“The things [Gen Z] values are experiences, creativity, being connected to lots of different people, and they’re frugal,” Ruoff says. “These high-end luxury offerings don’t allow for that. Five years ago, millennials may have wanted these items; Gen Z does not. As far as we can tell, that’s only going to increase.”
Today’s college applicants document the things they do, not the things they have, she says. This flies directly in the face of an amenities-rich campus or housing environment. For example, college students are priding themselves on their before-and-after shots, taking sparse, white rooms and turning them into places that reflect their personalities. This self-expression is celebrated on social media (try an Instagram search for #dormdecor or #dormgoals) and websites such as BuzzFeed and Apartment Therapy.
Gen Z is showing an affinity for old dorms with opportunity for personalization, Ruoff says. “There’s a lot of pride in creating these rooms that don’t look anything like an old dorm room. It speaks to a lot of what we see happening even in popular TV shows and the housing market. It’s a lot of makeovers.”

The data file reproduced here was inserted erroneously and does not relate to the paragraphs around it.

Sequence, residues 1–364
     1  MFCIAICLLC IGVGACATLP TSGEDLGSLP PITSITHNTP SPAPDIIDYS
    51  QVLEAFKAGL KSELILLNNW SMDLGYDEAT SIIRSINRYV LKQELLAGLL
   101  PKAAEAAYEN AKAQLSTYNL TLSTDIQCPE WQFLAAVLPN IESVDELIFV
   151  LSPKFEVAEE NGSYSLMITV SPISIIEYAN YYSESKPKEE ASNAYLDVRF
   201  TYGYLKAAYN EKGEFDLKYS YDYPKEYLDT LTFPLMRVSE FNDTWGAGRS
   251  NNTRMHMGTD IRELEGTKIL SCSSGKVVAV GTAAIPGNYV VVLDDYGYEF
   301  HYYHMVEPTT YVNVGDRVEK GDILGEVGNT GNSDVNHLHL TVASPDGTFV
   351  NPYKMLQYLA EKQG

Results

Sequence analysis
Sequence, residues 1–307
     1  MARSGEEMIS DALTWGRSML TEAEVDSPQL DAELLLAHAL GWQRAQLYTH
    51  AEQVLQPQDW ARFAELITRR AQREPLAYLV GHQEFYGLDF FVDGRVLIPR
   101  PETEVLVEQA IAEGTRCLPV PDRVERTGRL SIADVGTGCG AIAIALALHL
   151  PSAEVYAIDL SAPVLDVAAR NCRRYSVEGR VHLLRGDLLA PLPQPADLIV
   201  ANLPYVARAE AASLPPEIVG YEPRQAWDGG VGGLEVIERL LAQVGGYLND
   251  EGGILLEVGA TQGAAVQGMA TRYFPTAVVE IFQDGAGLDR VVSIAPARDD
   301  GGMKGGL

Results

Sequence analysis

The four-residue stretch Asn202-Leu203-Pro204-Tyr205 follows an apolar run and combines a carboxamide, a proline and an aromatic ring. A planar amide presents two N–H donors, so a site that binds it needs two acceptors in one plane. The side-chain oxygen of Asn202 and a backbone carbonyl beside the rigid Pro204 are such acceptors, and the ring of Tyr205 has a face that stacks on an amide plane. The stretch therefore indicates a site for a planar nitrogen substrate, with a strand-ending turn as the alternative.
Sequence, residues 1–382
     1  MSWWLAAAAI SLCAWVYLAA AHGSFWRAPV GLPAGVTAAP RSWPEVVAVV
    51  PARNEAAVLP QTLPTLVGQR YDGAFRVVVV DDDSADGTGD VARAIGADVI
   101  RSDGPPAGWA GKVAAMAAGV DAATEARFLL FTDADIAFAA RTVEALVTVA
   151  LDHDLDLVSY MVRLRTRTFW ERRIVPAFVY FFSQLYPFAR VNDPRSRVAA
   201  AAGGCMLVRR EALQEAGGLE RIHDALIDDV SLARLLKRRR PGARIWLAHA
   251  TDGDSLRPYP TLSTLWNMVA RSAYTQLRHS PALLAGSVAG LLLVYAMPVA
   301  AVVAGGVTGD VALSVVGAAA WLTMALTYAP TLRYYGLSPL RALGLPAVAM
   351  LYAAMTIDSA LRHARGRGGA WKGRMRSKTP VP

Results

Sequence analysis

Another defining factor for Gen Z may be their frugality. The cost of college continues to climb, increasing 2.4% on average for in-state students enrolled full-time at public four-year colleges and universities from the 2015-16 school year to the 2016-17 session.
“For both the parent and the student, cost is always one of the first things they’re looking for,” Ruoff says. “The costs continue to go up, and these luxury apartments add to that.”
Luxury housing can also have a negative impact on student retention. In a paper for the Journal of Student Financial Aid, McClure and his colleagues report that some students feel there’s a bait and switch happening at schools. They’re lured in by sparkling new facilities, only to learn those facilities are financially out of reach. It can taint the student’s relationship with the school.